17 May 2021
Back to basics with today's Knowing Your Jargon episode.
Many nurses have a skewed understanding of respiratory terminology and sometimes even the simplest terms can be misunderstood.
This episode looks at three common terms.
First let's review normal lungs.
Air is drawn in to our alveoli (the smallest single cell thick air sacs of our lungs). Inside each alveolus, exists two specialised lung cells (pneumocytes), the Type 1 and type 2 pneumocytes. Type 1 is squamous epithelium and literally forms the walls of the alveolus. Type 2, the Great Alveolar Cell, has the task of producing surfactant.
Surfactant lubricates the inside of alveoli. It is a soap like function lowers the surface tension on the wall of each alveolus, and in doing so, it allows the walls of a collapsed (empty) alveolus, to easily pop open with the next breath. It also serves a role in promoting gas exchange across the alveolar-vascular space (the gap between lung and blood).
Surfactant is produced from approx 36 weeks gestation, making the ventilation and gas exchange in preterm babies problematic.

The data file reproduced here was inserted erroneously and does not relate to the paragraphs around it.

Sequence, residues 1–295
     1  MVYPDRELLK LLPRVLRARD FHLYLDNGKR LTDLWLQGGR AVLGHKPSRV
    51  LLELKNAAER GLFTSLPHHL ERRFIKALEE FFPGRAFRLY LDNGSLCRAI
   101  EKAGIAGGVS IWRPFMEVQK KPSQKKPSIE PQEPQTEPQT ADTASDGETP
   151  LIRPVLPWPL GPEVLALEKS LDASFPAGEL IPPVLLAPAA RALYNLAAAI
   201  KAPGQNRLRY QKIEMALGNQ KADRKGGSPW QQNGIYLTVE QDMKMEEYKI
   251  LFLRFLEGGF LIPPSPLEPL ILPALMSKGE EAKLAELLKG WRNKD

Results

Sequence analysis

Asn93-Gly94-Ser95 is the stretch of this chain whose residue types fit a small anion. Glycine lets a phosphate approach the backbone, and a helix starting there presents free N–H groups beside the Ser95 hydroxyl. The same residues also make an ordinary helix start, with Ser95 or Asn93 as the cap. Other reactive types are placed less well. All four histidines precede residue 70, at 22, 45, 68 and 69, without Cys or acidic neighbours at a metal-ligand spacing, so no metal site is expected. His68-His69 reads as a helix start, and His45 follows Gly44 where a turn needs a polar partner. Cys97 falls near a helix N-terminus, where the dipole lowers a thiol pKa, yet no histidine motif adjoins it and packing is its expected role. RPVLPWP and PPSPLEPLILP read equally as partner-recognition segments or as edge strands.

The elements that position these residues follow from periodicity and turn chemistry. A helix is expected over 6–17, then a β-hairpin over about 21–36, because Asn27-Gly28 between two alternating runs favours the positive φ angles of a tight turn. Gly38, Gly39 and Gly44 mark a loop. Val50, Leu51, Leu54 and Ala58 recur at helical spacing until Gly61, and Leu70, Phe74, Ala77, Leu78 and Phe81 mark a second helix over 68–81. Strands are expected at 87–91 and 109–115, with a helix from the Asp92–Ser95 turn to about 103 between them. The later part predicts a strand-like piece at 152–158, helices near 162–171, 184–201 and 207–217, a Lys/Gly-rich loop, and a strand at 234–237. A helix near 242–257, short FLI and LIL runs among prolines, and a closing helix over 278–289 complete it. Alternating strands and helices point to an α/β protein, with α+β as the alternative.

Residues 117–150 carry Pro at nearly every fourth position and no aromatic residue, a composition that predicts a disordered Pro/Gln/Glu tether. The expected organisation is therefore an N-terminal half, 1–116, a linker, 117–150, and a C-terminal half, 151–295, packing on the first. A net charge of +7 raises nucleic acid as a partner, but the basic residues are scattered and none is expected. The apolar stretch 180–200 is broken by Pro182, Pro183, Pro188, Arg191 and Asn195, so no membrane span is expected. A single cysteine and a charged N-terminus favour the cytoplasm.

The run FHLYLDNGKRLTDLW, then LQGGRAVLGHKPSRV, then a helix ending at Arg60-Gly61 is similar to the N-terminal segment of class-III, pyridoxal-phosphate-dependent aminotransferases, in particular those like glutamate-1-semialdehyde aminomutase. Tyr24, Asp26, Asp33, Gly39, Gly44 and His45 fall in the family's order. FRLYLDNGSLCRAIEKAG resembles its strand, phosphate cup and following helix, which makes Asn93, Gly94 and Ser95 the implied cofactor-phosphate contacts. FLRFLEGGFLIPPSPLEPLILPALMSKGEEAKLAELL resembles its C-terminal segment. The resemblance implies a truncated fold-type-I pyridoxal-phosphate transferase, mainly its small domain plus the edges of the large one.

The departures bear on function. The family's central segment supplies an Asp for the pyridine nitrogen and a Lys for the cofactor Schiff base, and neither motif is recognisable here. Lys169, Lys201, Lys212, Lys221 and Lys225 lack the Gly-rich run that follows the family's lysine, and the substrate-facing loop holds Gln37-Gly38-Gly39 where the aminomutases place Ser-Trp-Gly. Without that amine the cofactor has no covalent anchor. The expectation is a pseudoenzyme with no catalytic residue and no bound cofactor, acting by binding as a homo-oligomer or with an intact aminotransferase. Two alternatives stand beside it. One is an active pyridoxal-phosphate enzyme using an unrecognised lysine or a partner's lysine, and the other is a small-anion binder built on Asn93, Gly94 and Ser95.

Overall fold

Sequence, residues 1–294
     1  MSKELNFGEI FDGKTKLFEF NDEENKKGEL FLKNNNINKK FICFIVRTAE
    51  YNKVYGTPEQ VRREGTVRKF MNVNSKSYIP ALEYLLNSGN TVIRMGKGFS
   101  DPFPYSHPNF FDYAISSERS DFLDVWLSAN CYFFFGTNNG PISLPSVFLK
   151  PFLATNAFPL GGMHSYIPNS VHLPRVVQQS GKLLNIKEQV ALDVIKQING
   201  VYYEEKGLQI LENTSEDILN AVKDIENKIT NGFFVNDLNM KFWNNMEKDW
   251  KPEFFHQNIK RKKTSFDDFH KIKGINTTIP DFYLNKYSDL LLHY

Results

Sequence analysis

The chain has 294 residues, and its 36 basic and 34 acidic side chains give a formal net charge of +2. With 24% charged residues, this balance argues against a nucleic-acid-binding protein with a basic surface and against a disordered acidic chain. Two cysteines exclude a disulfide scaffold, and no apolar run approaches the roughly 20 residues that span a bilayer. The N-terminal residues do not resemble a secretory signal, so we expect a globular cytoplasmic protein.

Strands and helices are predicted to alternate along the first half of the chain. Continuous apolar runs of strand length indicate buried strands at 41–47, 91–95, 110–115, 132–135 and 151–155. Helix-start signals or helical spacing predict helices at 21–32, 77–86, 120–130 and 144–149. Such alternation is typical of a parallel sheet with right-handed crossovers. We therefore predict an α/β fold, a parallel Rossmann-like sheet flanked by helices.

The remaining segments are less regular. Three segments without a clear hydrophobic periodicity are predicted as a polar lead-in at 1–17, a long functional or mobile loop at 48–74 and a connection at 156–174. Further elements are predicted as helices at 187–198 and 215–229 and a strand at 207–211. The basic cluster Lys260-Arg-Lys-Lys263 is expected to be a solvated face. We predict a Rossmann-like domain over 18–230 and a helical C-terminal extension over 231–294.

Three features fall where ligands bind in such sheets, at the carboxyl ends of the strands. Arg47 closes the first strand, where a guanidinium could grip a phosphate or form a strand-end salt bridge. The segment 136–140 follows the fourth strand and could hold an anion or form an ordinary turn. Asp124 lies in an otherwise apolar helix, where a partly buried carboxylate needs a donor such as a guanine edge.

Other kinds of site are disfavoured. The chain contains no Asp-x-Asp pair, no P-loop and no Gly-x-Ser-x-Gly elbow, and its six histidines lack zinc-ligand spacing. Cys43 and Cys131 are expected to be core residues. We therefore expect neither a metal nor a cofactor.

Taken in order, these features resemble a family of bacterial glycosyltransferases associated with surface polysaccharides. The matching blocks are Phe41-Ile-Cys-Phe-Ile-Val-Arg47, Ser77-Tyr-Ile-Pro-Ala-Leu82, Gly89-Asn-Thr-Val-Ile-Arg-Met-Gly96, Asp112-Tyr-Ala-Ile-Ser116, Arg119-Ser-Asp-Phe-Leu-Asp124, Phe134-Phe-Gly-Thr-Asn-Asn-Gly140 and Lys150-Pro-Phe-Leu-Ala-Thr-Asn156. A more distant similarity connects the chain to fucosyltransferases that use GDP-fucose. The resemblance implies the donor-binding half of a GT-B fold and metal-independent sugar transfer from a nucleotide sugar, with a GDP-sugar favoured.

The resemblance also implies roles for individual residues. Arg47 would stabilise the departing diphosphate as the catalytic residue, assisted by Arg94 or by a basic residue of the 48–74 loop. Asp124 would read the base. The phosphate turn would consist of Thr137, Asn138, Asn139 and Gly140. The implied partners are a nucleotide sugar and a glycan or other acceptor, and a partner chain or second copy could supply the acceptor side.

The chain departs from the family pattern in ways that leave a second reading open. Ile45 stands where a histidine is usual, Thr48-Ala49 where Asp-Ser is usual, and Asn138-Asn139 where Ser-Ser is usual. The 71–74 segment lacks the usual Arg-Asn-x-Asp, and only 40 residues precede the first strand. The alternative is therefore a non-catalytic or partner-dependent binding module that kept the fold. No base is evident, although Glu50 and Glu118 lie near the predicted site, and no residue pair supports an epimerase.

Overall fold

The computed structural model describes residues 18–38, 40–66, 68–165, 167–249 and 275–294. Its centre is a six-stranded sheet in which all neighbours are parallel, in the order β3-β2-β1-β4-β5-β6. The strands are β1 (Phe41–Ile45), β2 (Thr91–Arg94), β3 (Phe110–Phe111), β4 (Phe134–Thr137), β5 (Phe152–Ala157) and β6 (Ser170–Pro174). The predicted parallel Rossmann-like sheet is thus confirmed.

Pneumonia is an absence of surfactant. And is a function of either no production or damage/disease to the Type 2 cell.
When a baby is born preterm, or a person has suffered an immersion (drowning), or, most commonly, they get a lower respiratory tract infection (chest infection), surfactant is reduced or absent. This loss is called Pneumonia.
Pneumonia (because of a surfactant loss) then causes the alveoli to collapse and stick shut. The term for this is atelectasis.
In multiple alveoli undergoing atelectasis, a segment of lung or a whole lobe of lung may be affected. This is termed segmental or lobar pneumonia, and frequently called consolidation. Eg Right lower lobe consolidation and right lower lobe pneumonia are one in the same.
In chest infections an inflammatory process causes pneumonia and the resulting bacterial or viral cell damage leads to a inflammatory mediated proliferation of white blood cells to flood the infected area to fight infection and mop up dead cells. This engorgement of blood converging on the infected tissue is called pneumonitis (literally inflammation of the lung).
Pneumonitis, like all inflammation, gives rise to capillary leakage. This exudate, and the dead bodies of bacteria or cellular debris is what we cough out as sputum.
Wow... We covered some jargon this episode. Don't forget to share the post and check all the posts out on the blog www.knowingyourjargon.blogspot.com
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KYJ not to be confused with KYJelly, but still lubricating the minds of the multitudes.